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April 21, 2014

Andrew Silow-Carroll: Passoverkill? Suggestions to make next year's seders even more culturally sensitive

Sara Israelsen Hartley: Seeking the Divine: An ancient connection in a new context

Christine M. Flowers: Priest's execution in Syria should be call to action

Courtnie Erickson: How to help kids accept the poor decisions of others

Lizette Borreli: A Glass Of Milk A Day Keeps Knee Arthritis At Bay

Lizette Borreli: 5 Health Conditions Your Breath Knows Before You Do

The Kosher Gourmet by Betty Rosbottom Coconut Walnut Bars' golden brown morsels are a beautifully balanced delectable delight

April 18, 2014

Rabbi Yonason Goldson: Clarifying one of the greatest philosophical conundrums in theology

Caroline B. Glick: The disappearance of US will

Megan Wallgren: 10 things I've learned from my teenagers

Lizette Borreli: Green Tea Boosts Brain Power, May Help Treat Dementia

John Ericson: Trying hard to be 'positive' but never succeeding? Blame Your Brain

The Kosher Gourmet by Julie Rothman Almondy, flourless torta del re (Italian king's cake), has royal roots, is simple to make, . . . but devour it because it's simply delicious

April 14, 2014

Rabbi Dr Naftali Brawer: Passover frees us from the tyranny of time

Greg Crosby: Passing Over Religion

Eric Schulzke: First degree: How America really recovered from a murder epidemic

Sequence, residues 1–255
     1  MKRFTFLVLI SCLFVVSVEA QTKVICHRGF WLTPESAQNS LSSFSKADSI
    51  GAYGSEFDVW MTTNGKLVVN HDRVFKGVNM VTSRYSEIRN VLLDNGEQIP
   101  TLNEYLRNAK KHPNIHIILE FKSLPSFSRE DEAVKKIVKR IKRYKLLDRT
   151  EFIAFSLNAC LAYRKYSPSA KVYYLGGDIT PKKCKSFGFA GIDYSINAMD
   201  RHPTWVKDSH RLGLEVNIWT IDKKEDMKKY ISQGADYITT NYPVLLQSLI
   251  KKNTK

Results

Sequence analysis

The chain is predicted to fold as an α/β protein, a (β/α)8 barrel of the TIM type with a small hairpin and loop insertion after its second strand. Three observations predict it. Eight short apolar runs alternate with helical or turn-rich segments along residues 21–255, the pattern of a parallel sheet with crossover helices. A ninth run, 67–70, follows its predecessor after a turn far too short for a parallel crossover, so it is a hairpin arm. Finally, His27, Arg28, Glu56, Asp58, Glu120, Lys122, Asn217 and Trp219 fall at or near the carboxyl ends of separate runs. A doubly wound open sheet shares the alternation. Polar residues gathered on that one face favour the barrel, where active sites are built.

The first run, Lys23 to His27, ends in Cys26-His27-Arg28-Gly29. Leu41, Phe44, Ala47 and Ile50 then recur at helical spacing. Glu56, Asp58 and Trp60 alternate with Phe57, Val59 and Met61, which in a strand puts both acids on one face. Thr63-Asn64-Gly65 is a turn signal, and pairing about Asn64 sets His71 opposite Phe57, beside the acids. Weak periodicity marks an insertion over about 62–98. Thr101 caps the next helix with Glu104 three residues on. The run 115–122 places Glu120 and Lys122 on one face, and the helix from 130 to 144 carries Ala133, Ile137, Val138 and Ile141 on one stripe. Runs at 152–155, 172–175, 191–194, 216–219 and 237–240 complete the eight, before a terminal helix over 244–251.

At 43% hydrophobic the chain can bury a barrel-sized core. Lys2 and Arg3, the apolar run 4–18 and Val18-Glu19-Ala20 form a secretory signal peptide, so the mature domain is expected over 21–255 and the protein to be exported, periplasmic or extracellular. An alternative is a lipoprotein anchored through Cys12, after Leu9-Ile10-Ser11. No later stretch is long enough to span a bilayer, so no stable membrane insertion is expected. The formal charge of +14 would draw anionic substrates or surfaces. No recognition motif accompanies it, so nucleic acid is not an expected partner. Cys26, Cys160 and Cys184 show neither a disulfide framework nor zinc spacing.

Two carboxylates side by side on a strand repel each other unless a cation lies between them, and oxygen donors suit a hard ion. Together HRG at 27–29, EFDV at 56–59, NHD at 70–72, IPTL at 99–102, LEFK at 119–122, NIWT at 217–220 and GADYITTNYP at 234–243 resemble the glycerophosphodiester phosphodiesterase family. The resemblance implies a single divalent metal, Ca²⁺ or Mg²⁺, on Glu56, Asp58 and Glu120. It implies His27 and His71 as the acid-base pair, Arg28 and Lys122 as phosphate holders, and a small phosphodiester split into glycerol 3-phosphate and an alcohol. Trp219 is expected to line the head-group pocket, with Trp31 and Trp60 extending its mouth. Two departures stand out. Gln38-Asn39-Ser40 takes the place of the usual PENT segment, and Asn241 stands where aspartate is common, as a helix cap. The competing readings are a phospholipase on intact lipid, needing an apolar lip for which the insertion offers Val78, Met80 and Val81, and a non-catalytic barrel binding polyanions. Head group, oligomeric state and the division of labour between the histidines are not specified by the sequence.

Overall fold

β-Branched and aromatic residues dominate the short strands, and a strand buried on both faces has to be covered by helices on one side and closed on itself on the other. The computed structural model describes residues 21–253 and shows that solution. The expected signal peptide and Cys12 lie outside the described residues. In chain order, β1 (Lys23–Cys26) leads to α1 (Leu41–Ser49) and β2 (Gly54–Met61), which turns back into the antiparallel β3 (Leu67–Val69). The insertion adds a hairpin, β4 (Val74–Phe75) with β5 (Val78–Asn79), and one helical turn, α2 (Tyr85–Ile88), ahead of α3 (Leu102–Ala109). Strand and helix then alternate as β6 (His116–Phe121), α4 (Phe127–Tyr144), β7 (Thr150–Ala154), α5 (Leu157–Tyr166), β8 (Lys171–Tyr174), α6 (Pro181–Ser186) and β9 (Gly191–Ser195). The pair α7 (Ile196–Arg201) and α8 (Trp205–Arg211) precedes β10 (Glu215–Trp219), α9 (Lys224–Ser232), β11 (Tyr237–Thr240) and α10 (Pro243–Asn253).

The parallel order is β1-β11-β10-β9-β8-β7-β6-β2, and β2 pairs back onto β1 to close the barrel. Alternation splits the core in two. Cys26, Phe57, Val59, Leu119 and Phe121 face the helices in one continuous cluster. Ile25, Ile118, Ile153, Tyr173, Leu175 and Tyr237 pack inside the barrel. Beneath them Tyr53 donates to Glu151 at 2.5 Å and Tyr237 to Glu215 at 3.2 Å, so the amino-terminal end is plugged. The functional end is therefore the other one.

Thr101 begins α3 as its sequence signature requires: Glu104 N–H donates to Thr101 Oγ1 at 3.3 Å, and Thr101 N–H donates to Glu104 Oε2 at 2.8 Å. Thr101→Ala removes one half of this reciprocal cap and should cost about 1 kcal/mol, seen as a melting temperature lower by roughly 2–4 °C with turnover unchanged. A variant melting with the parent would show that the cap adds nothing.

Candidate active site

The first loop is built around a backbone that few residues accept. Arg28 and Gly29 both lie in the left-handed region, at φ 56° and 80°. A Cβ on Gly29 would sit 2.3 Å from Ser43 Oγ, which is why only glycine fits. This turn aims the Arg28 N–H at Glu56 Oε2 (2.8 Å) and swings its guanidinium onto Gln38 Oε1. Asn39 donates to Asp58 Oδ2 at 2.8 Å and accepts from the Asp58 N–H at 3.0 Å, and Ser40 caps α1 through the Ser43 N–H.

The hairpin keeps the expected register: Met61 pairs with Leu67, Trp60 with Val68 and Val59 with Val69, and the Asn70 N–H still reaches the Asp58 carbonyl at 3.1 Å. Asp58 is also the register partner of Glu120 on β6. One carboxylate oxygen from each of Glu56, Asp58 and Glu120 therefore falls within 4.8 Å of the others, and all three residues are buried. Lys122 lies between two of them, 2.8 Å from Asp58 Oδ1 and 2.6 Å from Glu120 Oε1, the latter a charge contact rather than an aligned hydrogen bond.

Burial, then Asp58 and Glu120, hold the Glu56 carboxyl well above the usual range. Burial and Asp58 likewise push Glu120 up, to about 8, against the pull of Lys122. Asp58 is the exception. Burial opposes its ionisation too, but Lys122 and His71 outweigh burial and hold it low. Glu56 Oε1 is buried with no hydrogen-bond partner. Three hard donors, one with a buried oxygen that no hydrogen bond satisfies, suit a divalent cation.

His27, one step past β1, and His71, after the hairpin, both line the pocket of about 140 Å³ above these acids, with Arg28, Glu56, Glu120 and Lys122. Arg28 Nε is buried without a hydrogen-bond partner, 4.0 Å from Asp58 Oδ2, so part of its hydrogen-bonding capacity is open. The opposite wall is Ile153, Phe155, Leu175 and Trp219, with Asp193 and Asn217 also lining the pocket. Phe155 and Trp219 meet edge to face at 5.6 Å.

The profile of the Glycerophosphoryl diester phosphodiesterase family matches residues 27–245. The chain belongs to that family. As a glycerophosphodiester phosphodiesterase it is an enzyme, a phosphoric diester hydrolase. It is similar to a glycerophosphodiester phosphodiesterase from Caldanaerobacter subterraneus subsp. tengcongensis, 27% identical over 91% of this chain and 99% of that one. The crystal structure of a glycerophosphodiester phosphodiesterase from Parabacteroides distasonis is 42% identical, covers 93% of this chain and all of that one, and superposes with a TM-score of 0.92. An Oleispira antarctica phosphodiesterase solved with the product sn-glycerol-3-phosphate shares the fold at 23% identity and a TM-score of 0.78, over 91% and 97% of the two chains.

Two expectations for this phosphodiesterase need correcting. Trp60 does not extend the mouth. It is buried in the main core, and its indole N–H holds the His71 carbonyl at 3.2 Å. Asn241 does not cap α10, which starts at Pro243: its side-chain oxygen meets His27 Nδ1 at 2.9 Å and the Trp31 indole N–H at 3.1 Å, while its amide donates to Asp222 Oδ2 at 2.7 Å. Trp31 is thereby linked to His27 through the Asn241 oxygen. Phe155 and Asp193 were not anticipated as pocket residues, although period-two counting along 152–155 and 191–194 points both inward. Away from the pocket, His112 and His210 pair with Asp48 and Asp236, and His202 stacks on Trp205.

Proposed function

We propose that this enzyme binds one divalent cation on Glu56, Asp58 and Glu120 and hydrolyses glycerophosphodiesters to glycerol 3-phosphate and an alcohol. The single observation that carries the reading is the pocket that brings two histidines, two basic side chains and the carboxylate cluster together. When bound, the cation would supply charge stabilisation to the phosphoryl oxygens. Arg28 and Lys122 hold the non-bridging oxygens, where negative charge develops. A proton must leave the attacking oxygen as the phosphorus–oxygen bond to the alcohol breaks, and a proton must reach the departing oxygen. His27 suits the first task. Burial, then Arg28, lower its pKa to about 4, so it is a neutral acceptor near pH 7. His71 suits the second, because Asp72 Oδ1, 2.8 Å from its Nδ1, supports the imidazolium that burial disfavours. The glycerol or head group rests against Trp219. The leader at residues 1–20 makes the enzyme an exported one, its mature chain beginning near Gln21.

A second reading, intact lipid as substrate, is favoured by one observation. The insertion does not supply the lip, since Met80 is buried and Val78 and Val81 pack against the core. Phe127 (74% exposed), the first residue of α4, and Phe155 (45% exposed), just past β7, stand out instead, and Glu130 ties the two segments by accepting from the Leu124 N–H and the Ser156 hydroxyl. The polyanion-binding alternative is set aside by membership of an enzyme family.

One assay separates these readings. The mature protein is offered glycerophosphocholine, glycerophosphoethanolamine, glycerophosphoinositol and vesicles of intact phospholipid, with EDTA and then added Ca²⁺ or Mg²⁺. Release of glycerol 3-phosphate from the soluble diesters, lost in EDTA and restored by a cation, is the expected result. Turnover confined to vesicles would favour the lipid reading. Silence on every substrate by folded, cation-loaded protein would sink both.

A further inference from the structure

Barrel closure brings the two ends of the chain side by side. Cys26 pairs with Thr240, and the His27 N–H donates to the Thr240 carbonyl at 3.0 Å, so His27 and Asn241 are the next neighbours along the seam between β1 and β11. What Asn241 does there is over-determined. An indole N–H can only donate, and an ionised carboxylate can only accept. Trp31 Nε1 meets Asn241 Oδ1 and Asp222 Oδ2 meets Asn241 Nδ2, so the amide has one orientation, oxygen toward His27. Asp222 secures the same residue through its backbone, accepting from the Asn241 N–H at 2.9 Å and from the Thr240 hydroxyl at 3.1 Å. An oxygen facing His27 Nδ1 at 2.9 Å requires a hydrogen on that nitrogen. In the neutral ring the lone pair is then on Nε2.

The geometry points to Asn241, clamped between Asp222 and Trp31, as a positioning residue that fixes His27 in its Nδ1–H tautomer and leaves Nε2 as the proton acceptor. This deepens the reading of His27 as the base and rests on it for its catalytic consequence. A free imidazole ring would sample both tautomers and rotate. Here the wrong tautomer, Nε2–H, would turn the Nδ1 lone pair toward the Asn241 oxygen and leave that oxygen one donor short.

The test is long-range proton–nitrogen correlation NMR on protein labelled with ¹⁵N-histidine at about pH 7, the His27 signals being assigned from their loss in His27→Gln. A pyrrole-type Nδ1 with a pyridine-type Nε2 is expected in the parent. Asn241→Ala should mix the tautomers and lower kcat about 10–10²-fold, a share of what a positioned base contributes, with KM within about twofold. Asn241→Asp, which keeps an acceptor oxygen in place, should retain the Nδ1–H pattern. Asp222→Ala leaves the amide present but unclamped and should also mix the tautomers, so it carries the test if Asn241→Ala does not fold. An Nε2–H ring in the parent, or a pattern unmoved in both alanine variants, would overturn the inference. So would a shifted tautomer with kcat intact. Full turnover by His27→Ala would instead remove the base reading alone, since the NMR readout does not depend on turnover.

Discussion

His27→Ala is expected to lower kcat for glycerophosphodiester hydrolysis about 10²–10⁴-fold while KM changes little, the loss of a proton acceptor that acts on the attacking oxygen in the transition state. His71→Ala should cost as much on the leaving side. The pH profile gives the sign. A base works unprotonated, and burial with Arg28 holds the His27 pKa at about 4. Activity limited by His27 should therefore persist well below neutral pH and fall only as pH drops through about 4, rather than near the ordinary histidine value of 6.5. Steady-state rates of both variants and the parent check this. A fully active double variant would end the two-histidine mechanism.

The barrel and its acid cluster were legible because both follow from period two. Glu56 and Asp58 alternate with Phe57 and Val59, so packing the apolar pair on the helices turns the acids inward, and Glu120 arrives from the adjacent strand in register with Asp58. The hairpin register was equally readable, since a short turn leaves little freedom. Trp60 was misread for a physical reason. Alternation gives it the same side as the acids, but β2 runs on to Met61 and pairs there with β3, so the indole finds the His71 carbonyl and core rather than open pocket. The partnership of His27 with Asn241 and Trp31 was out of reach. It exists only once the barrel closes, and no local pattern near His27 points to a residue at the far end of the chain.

Georgia Lee: When love is not enough: Teaching your kids about the realities of adult relationships

Cameron Huddleston: Freebies for Your Lawn and Garden

Gordon Pape: How you can tell if your financial adviser is setting you up for potential ruin

Dana Dovey: Up to 500,000 people die each year from hepatitis C-related liver disease. New Treatment Has Over 90% Success Rate

Justin Caba: Eating Watermelon Can Help Control High Blood Pressure

The Kosher Gourmet by Joshua E. London and Lou Marmon Don't dare pass over these Pesach picks for Manischewitz!

April 11, 2014

Rabbi Hillel Goldberg: Silence is much more than golden

Caroline B. Glick: Forgetting freedom at Passover

Susan Swann: How to value a child for who he is, not just what he does

Cameron Huddleston: 7 Financial Tasks You Should Tackle Right Now

Sandra Block and Lisa Gerstner: How to Profit From Your Passion

Susan Scutti: A Simple Blood Test Might Soon Diagnose Cancer

Chris Weller: Have A Slow Metabolism? Let Science Speed It Up For You

The Kosher Gourmet by Diane Rossen Worthington Whitefish Terrine: A French take on gefilte fish